Below, you can find an in depth scouting profile for the Chicago Bears 2021 Draft class. I also included one UDFA that was ranked highly on multiple big boards. Prospects are listed in order of where they were drafted. Prospect details were accumulated from the following sources:
Within each prospects profile, I have listed their respective Big Board ranks based on the average of 12 big boards analyzed. Additionally, I included the big board ranks from the three analysts who graded the best for that position. Analyst grades by position are detailed below, and the full analysis can be seen here.
*It should be noted that the 2021 big boards for Todd McShay and Scouts Inc. were identical, and therefore are considered to be one “analyst” for the purposes of this article.
QB Justin Fields
Fields grew up in Kennesaw, GA. He was a standout in basketball, baseball (SS), and football. He began playing QB at an early age, and began working with a personal QB coach in middle school. In high school, he started six games on the varsity squad as a sophomore, and broke out in his junior season. About half way through his senior season he broke his finger, cutting his season short. He still earned 2017 Class 6A Offensive Player of the Year honors for his senior season.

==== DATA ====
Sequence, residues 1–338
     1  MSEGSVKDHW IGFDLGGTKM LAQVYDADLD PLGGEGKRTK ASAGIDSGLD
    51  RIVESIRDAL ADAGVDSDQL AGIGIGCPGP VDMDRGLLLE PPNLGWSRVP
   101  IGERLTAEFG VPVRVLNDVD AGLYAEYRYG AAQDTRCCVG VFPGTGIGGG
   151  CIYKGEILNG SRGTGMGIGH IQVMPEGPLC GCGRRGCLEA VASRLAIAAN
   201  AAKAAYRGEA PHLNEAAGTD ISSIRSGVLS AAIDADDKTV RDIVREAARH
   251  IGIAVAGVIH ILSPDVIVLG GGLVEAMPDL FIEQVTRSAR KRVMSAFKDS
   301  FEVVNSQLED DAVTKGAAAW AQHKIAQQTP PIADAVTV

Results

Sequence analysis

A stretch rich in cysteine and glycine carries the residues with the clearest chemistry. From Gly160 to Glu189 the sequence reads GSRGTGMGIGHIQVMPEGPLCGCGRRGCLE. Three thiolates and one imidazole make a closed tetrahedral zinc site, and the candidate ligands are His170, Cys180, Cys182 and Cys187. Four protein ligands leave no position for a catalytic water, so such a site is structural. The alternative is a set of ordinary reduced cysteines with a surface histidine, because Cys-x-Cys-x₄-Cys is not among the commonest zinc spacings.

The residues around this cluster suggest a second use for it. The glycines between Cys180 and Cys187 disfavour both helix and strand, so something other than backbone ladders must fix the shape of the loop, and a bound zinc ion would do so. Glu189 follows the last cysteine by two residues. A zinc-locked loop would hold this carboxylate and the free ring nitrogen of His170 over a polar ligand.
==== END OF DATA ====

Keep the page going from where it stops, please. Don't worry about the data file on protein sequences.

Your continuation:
He was a five-star recruit out of high school, and ranked as the top dual threat QB in the country, and the number two recruit in the country behind only Trevor Lawrence. After originally committing to Penn State as a junior, he flipped his commitment to Georgia six months later. After one season at Georgia as Jake Fromm’s backup, he chose to enter the transfer portal as it became clear that he would not be given a fair shot at unseating Fromm. Fields transfered to Ohio State with immediate eligibility following a waiver that claimed that Fields was the target of racial insults by a Georgia baseball player that was later dismissed by the team.
Fields father is a police officer and served in the Marines. He played one season as a linebacker at Eastern Kentucky. His younger sister plays softball at Georgia.